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What Next after the All Party Delegation Visit?: A 3-C Strategy for Kashmir
D Suba Chandran
For the last four months, Kashmir valley, in particular Srinagar has been witnessing continuous violence and curfews. Though the PM and his Home Minister have been looking for  consensus and an “elusive starting point,” there are clear proposals from the mainstream in J&K where New Delhi could begin to arrest the current round of violence. Omar Abdullah, has demanded the removal of AFSPA, if not from the entire Kashmir valley, then at least from select urban towns. Many retired police officials agree to this proposition.  Intellectuals from J&K have been asking for a debate on autonomy; Manmohan Singh himself had constituted a working group on this issue, which has given its recommendations.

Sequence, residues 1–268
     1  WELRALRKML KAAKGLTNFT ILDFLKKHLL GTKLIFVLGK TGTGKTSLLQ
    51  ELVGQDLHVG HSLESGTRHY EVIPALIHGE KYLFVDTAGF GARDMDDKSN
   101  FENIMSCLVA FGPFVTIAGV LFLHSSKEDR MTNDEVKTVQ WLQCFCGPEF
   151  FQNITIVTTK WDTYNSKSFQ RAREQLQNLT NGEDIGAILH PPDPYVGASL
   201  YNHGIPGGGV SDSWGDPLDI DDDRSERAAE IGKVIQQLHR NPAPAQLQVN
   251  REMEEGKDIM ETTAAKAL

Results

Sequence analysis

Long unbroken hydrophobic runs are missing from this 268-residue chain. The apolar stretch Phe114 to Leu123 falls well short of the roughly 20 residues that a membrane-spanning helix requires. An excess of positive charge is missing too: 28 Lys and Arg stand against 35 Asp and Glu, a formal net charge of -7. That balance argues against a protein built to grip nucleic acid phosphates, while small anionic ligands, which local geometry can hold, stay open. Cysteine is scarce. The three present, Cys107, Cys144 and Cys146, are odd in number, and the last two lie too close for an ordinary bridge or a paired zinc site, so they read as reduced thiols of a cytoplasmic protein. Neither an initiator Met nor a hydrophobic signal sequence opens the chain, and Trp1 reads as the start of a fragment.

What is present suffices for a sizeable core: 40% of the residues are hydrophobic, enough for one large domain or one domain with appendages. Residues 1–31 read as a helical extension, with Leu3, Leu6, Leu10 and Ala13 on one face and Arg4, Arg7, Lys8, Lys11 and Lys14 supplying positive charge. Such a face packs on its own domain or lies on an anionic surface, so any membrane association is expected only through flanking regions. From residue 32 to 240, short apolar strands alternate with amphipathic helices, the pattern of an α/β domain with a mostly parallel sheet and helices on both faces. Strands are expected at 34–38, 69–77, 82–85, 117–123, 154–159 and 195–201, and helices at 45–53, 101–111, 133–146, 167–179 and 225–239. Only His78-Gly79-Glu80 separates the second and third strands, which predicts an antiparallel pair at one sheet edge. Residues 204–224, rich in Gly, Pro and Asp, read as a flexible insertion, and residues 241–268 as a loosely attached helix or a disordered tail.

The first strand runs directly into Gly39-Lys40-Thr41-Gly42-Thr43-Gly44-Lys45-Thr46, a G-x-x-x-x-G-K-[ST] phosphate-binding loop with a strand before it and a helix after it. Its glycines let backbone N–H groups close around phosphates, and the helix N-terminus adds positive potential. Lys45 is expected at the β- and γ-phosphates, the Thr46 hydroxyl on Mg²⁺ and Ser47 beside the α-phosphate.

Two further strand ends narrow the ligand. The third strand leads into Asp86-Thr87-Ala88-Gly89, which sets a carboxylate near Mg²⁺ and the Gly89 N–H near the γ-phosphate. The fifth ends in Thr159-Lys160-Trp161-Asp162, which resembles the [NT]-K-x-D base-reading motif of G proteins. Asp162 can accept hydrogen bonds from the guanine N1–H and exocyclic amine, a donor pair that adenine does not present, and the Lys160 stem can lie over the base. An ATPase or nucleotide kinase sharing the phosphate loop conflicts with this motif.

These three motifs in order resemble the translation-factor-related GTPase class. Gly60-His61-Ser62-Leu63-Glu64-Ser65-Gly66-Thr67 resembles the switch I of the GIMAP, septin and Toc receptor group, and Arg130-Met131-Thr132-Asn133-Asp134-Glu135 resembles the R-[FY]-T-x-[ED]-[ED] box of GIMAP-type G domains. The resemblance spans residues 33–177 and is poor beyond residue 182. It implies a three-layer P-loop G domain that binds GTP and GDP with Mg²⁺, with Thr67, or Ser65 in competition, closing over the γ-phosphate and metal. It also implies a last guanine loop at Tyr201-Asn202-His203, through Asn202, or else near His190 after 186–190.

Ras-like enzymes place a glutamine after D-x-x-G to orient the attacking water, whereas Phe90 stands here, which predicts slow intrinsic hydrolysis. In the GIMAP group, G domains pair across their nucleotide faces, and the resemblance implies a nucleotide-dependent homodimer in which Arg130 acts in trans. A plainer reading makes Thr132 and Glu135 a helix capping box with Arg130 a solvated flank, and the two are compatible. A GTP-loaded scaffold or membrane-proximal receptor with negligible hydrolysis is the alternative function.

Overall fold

What is New Delhi waiting for? There was an expectation that there would be a special Eid package for J&K. Unfortunately, all that New Delhi could do was to convene the Cabinet Committee on Security, which could not reach any consensus, even on the AFSPA. Finally, it was decided to send an All Party Delegation (APD) to J&K to study the ground situation and understand the various opinions obtaining.

This brief looks at the backdrop to the formation of the APD, provides a critique of its visit and explores the strategies that could be pursued hereafter.


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